Digital radio revolution

Digital radio is currently undergoing separate trials in Sydney and Melbourne, and digital radio receivers that allow you to tune in freely are now available to the public. Two individual outfits have established reference sites for technical testing and market research, and to demonstrate the core and expanded capabilities of digital radio.

Digital radio offers near-CD quality audio, reduced noise, and extra programming data

The Sydney metro trial is being con---ducted by DRBA - Digital Radio Broad-casting Australia (www.digitalradioaustralia.com.au). This con-sortium was formed by Commercial Radio Australia and stations taking part in the simulcasting trial. These include WS-FM, Nova 969, 2GB, 2CH, 2UE, 2DAYFM, 2KY, 2SM and a DRBA test station, in addition to two stations each from SBS and ABC (Classic FM and ABC DiG radio, in the case of the latter). ABC DiG radio is also available as an Internet stream (www.abc.net.au/radio/digital).

After months of interference testing, the Sydney trial started on 17 December 2003 and is transmitting on Channel 9A on the VHF band.

However, those with digital radios need only to auto-scan or tune in to ensemble (multiplex) the 9A, 9B and 9C channels. An ensemble contains not only groups of stations with audio, but also other program-associated data as discussed later in this article. Each station has about 256Kbps of bandwidth to manage: generally, 192Kbps is used for actual audio, and the rest for data that must be related to the core content in order to meet current government legislation. Talkback station 2GB, for instance, isn't allowed to create a music channel, but could theoretically split the signal into two channels to cover two football games simultaneously.

DRBA is also planning a Melbourne trial, but the city has been Broadcast Australia's (www.broadcastaustralia.com.au) testing ground since November 2003. Featured are the afore-mentioned SBS and ABC stations, plus ABC news radio, Sport 97 (3UZ), World Audio Radio 2, and community radio station 3RRR. Future community radio stations include 3MBS, 3RPH, 3PBS and 3ZZZ. Melbourne digital radio owners tune to ensemble 9C.

First-generation digital audio broadcast (DAB) receivers (or digital radios) were criticised for lack of features and cost, but they did provide access to the near CD-quality, noise-free audio associated with digital radio, and could easily auto-scan and switch between stations, removing the need for fiddling with tuning dials. Devices now available and supported in Australia offer more improvements, usually including at least two or three lines of scrolling dynamic text for information related to a broadcast. This is known as Dynamic Label Segments (DLS), and can include what's on now and next, sports and racing results, the latest news or weather details, Web site information, phone numbers and more.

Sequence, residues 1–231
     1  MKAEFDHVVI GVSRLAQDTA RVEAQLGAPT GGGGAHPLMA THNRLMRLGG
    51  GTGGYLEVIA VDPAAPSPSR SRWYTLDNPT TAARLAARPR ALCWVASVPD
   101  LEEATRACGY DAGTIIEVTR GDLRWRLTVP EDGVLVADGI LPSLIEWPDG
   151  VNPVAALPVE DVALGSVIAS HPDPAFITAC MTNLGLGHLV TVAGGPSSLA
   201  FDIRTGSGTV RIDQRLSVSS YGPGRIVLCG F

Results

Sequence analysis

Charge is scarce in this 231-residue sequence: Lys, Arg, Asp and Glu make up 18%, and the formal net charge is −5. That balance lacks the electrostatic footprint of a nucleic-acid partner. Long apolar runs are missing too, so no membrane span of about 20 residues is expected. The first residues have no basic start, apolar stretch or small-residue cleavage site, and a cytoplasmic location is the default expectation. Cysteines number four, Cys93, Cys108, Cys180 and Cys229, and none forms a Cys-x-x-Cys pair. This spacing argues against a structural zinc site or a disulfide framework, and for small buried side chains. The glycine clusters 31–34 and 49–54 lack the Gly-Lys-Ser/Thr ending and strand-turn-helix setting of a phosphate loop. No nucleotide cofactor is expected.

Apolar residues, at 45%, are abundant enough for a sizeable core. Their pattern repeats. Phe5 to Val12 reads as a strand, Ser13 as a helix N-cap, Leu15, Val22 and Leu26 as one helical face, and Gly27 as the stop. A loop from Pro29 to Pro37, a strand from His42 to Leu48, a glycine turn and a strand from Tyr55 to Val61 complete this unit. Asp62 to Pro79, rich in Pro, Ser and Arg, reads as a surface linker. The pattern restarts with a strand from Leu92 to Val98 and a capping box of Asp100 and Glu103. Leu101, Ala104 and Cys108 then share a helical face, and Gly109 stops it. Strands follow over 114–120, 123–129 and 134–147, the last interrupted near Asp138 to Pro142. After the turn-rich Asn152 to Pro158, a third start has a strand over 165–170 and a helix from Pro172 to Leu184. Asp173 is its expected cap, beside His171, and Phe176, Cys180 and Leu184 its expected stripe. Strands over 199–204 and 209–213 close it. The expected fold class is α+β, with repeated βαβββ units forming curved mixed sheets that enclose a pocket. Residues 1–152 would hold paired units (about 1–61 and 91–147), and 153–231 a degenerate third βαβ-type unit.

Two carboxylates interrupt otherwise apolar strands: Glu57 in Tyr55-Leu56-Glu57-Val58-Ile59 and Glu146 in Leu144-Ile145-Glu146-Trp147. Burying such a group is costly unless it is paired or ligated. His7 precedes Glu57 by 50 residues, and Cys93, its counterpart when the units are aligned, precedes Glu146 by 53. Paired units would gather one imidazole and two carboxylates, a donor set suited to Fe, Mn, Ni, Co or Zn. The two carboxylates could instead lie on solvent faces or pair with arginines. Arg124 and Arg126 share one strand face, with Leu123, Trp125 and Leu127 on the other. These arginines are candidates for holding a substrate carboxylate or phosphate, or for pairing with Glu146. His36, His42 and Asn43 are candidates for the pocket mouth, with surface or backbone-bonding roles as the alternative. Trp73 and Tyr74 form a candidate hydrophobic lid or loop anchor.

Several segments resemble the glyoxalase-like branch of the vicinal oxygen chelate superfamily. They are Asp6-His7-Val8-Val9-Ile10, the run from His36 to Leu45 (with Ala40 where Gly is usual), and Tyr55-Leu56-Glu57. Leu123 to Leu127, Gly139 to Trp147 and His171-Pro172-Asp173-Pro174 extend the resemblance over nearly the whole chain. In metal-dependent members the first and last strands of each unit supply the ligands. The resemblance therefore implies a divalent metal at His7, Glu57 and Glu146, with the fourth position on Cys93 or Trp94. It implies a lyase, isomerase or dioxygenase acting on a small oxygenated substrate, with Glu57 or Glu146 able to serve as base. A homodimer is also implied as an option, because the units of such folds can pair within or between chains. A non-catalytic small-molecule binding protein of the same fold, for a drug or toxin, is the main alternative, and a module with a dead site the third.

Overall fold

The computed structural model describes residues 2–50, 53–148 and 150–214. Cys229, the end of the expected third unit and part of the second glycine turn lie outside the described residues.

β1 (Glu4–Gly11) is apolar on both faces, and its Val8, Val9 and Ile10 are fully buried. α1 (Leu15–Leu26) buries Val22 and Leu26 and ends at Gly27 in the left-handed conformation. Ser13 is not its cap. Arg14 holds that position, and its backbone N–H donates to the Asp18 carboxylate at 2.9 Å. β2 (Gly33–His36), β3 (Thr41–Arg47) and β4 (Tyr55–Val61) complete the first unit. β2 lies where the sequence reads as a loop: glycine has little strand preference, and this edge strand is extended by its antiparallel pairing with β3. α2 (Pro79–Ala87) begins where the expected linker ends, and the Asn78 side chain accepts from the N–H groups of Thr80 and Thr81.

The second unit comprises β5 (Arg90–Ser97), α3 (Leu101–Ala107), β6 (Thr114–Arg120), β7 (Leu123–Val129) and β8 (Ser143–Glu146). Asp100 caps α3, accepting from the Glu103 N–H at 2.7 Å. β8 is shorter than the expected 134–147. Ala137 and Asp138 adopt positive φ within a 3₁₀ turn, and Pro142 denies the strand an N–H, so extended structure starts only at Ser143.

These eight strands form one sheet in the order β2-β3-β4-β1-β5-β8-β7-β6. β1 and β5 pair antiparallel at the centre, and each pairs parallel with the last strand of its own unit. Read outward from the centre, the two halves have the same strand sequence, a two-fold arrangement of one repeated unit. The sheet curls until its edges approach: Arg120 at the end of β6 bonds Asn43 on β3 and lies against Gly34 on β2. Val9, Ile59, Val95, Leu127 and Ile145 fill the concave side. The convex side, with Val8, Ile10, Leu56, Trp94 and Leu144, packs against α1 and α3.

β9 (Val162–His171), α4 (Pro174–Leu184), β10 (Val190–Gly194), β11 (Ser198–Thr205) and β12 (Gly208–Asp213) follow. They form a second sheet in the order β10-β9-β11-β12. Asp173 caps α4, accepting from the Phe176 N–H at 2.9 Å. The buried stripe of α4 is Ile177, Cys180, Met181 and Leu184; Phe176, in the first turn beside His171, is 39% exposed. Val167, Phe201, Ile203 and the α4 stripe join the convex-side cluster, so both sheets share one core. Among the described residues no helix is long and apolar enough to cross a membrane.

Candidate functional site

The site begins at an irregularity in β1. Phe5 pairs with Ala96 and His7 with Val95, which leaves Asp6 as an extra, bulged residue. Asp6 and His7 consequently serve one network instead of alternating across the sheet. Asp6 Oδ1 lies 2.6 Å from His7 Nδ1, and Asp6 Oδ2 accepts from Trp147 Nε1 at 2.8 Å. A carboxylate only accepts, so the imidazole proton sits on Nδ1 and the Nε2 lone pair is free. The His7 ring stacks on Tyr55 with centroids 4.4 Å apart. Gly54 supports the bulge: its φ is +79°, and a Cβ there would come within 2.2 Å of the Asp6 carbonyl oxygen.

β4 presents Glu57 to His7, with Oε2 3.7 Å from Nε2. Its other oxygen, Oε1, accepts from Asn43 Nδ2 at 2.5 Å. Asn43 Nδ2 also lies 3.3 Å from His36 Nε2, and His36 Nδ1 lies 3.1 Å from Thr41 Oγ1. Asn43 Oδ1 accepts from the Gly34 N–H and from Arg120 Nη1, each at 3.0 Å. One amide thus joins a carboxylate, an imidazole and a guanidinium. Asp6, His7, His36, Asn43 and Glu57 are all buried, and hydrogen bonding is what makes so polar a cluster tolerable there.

Coming up next

Future versions are expected to allow interactivity and something that has been termed 'vision radio' - colour displays for artist or album cover images, and even low bit rate MPEG-4 video. Basic time-shift recording and temporary data storage is also anticipated, so you could click on a 'tell me more' button to see and hear more about an advertisement or artist. Then there are convergence devices combining MP3 functionality or even digital radio in mobile phones. Depending on the outcome of regional trials, this could be only seven to eight years away.

Highlighting the anticipated demand for these digital devices, Harvey Norman launched a digital radio display centre in its Auburn, Sydney store in May, purely to showcase some of the first personal and in-car receivers. The retailer has agreed with the industry not to sell the receivers themselves because digital radio is still in its testing stages and the final standard that Australia will adopt is not yet confirmed. However, digital radio receivers are now available for purchase (with the same caveat) from vendors such as PURE Digital (www.pure-digital.com) and Blaupunkt (www.blaupunkt.com.au), and distributors including Grundig Australia (www.grundig.net.au) and Canohm (www.canohm.com.au).

Many in the DAB industry feel that the Eureka 147 platform used for Australian trials eventually will be given the green light by the Australian Government. This standard is already used in the UK and is currently being trialled by Singapore, China, Malaysia and Korea. It's therefore probable that Australia's less expensive receivers will be manufactured in such countries. The US and Japan are implementing their own customised standards - as they have done with digital TV.

We tested the Sydney trial that's currently transmitting in MPEG-1 Layer 2, mostly at 192KHz in stereo or mono. The quality improvement was noticeable, although a garble-like distortion occurs when you begin to lose signal.

Don't forget

Remember that you need a hardware digital radio or DAB PCI-tuner card for your PC in order to pick up digital radio. Digital TV-tuner (DVB-T) PCI-cards and TV set-top boxes pick up limited digital radio: SBS and ABC services, and various Parliament audio streams. Also, don't confuse commercial digital radio with Foxtel Digital's 30 Air brand digital streams or Internet radio streams available to programs such as Winamp (on this month's cover disc). If you're waiting the trials out, however, such alternatives may be worth accessing.

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Danny Allen

PC World
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